Background : Some residency programs responded to duty hour restrictions by implementing night rotations. Night supervision models can vary, resulting in potential patient safety issues and educational voids for residents.
Objective : We evaluated the impact of multiple evidence-based interventions on resident satisfaction with supervision, perception of the education value of night rotations, and residents' use of online educational materials.
Methods : The night team was augmented with an intern to assist with admissions and a senior resident (the "nighthawk") to supervise inpatient care and deliver a night medicine curriculum. We instituted a "must-call" list, with specific clinical events requiring mandatory attending notification, and reduced conflict in the role of the night float team. We studied patient contact, online curriculum use, residents' perceptions of nighthawk involvement, exposure to educational materials, and satisfaction with supervision.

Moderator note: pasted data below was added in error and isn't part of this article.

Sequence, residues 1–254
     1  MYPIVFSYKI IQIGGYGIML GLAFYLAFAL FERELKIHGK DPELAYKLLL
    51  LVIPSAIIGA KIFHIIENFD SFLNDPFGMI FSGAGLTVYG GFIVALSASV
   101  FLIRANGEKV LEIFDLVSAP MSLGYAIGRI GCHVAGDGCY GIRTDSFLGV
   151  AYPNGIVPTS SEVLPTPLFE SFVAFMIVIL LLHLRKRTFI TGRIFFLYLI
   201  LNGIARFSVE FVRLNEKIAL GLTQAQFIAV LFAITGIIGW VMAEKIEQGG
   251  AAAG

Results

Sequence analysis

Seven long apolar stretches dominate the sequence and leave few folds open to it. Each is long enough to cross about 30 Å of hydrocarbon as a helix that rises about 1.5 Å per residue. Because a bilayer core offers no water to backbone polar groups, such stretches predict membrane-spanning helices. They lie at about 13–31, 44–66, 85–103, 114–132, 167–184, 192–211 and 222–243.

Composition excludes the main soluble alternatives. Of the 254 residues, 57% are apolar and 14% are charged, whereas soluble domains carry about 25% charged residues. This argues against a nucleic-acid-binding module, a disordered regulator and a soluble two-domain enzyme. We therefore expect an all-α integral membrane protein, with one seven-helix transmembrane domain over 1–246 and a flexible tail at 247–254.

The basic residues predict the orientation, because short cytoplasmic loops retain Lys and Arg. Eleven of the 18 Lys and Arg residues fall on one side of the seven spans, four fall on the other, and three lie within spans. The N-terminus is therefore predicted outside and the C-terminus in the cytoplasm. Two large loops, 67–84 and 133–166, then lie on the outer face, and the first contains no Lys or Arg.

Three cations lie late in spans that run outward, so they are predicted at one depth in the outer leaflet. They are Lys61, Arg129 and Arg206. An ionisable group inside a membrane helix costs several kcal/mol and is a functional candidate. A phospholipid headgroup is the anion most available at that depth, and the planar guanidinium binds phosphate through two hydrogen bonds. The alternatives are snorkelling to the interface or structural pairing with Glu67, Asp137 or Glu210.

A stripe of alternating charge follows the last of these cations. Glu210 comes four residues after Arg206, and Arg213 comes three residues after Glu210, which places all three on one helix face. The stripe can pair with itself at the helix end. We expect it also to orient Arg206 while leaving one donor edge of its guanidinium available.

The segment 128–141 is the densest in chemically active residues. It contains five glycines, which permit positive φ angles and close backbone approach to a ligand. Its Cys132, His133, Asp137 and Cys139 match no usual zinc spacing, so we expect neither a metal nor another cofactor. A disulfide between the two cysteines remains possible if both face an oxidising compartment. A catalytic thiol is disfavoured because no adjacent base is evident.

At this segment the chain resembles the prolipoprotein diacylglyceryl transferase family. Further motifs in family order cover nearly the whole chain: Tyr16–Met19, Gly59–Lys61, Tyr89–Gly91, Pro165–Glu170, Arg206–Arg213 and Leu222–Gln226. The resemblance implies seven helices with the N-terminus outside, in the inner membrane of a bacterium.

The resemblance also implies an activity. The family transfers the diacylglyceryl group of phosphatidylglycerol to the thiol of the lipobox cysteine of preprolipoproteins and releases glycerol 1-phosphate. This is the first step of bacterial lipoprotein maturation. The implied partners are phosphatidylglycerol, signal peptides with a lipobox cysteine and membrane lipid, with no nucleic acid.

Results : During the first half of academic year 2016-2017, 51% (64 of 126) of trainees were on the night medicine rotation. The nighthawk reviewed 1007 intern plans (15 per night; range, 6-36) and supervised 215 hands-on evaluations, including codes and rapid responses (3 per night; range, 0-12). The number of users of the online education materials increased by 85% (13 to 24), and instances of use increased 35% (85 to 115). The majority of residents (79%, 27 of 34) favored the new system.
Conclusions : A nighthawk rotation, a must-call list, and reducing conflict in night team members' roles improved resident satisfaction with supervision and the night medicine rotation, resulting in increased communication.